At BioIVT, we understand the value of providing quality product. For over 30 years, BioIVT has been the market leader in hepatic products providing over a million vials worldwide of human hepatocytes to researchers. Prior to joining BioIVT, I worked for ten years at the Institute of Human Virology investigating acute HCV infection. We explored the immunological and virologic molecular response in the early stages of infection and identified indicators that would lead to viral clearance or to persistent infection. It was through a collaboration with BioIVT to develop a primary hepatocyte infection models for HCV that I was introduced to the company and products. I eventually moved to BioIVT to continue working with hepatocytes but across broader applications that BioIVT serves.
The increased interest in utilizing primary human hepatocytes for viral infection models has been particularly exciting for me. While HBV is a much more difficult virus to model, we are working to help make that challenge more obtainable. Although we do not perform HBV infections of hepatocytes in our labs, we work closely with labs that do. While we evaluate our hepatocytes primarily for metabolic and drug transporter applications, our hepatocytes are not just used in ADME related studies. We are exploring characterizations to aid lot selection for researchers in hepatocyte infection and liver disease models as well.
What is fascinating to me is not every lot reacts the same. What may seem morphologically or functionally appealing to one scientist may not suit the experimental needs to another. The utility of these cells can be so broad that often we are learning alongside our partners or collaborators. With HBV, we select lots that have long viability, are highly confluent and have strong cell to cell interaction.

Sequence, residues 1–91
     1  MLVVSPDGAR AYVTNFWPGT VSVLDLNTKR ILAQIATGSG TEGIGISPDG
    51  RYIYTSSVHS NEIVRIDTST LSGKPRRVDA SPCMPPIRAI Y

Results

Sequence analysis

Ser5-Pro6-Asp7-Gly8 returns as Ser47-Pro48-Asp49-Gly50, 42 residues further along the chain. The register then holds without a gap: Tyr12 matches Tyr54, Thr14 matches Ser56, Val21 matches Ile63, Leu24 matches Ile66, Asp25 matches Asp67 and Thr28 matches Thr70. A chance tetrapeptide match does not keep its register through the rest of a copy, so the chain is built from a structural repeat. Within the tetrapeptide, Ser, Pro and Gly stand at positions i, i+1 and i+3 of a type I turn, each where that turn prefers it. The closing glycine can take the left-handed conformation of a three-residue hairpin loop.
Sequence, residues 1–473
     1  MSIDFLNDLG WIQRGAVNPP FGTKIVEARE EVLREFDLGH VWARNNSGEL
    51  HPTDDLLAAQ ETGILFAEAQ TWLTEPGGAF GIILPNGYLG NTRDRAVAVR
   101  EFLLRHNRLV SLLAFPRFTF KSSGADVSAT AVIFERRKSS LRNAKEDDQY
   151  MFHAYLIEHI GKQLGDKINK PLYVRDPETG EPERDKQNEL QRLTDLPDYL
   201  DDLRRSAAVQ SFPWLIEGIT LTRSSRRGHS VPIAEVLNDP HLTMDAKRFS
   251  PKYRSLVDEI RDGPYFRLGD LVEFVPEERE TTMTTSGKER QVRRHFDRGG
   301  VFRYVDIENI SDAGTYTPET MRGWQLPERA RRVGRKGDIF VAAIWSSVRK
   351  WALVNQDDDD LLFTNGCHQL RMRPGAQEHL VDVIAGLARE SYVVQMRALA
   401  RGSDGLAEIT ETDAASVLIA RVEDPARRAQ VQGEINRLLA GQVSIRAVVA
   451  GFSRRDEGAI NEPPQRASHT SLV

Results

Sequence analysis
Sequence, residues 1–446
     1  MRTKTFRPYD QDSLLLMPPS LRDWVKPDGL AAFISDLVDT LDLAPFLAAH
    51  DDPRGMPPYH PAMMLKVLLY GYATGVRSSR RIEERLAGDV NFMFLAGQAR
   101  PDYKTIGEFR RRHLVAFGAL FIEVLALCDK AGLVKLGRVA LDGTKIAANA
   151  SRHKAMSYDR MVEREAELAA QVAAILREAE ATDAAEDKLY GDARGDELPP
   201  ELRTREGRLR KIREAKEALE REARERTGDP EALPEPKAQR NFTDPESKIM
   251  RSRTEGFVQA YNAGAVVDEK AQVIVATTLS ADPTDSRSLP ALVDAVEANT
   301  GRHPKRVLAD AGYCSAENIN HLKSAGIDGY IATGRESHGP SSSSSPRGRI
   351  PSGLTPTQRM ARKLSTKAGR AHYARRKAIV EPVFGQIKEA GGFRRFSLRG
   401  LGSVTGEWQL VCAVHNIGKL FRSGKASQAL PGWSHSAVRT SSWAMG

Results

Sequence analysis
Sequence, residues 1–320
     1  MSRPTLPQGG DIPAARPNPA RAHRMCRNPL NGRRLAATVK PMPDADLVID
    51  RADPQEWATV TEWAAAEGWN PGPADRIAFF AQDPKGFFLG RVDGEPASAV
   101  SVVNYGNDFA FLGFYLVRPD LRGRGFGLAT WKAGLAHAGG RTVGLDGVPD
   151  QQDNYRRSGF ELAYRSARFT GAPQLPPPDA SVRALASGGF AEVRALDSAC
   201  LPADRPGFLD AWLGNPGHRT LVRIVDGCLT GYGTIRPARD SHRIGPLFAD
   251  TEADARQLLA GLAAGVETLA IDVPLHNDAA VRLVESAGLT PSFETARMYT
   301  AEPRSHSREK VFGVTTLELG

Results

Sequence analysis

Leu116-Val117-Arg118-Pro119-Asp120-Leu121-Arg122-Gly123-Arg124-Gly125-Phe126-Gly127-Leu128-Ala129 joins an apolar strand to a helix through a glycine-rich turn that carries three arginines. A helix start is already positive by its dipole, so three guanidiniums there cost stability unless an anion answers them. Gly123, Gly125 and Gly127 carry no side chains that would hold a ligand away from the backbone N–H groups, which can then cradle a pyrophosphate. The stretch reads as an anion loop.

Most recently we have acquired the HEPATOPAC™ technology which offers a long-term culture approach for assessing HBV infection in a single test system. The utility of this technology for HBV was published by Roche in JPET1.
If you are looking for something that is less complex, I would recommend our TRANSPORTER CERTIFIED™ human hepatocytes. HBV gains entry into a hepatocyte via the NTCP receptor. Although we do not measure NCTP directly, we do assess activity of this and other transporters involved in bile acid uptake and efflux. These cells, which are tested for functioning uptake and efflux transporters, and develop bile pockets similar to bile caniculi, may be the best reagent for HBV infection model development. I can help identify these lots and offer recommendations.
Additionally, we have provided various lots of woodchuck hepatocytes and human blood samples for this research model. Whether you work with HBV or another infectious disease, I look forward to helping customers with their research needs.
¹Nicole A. Kratochwil, Miriam Triyatni, Martina B. Mueller, Florian Klammers, et al. Simultaneous Assessment of Clearance, Metabolism, Induction, and Drug-Drug Interaction Potential Using a Long-Term In Vitro Liver Model for a Novel Hepatitis B Virus Inhibitor. JPET May 2018, 365 (2) 237-248
I am currently the Director of Research and Development at BioIVT for hepatic products. My focus is on both new product development as well as support of application development for our existing products. I provide support to customers who need help developing new model systems or resolving an issue with established applications. Prior to joining BioIVT I worked for 10 years at the Institute of Human Virology investigating acute HCV infection.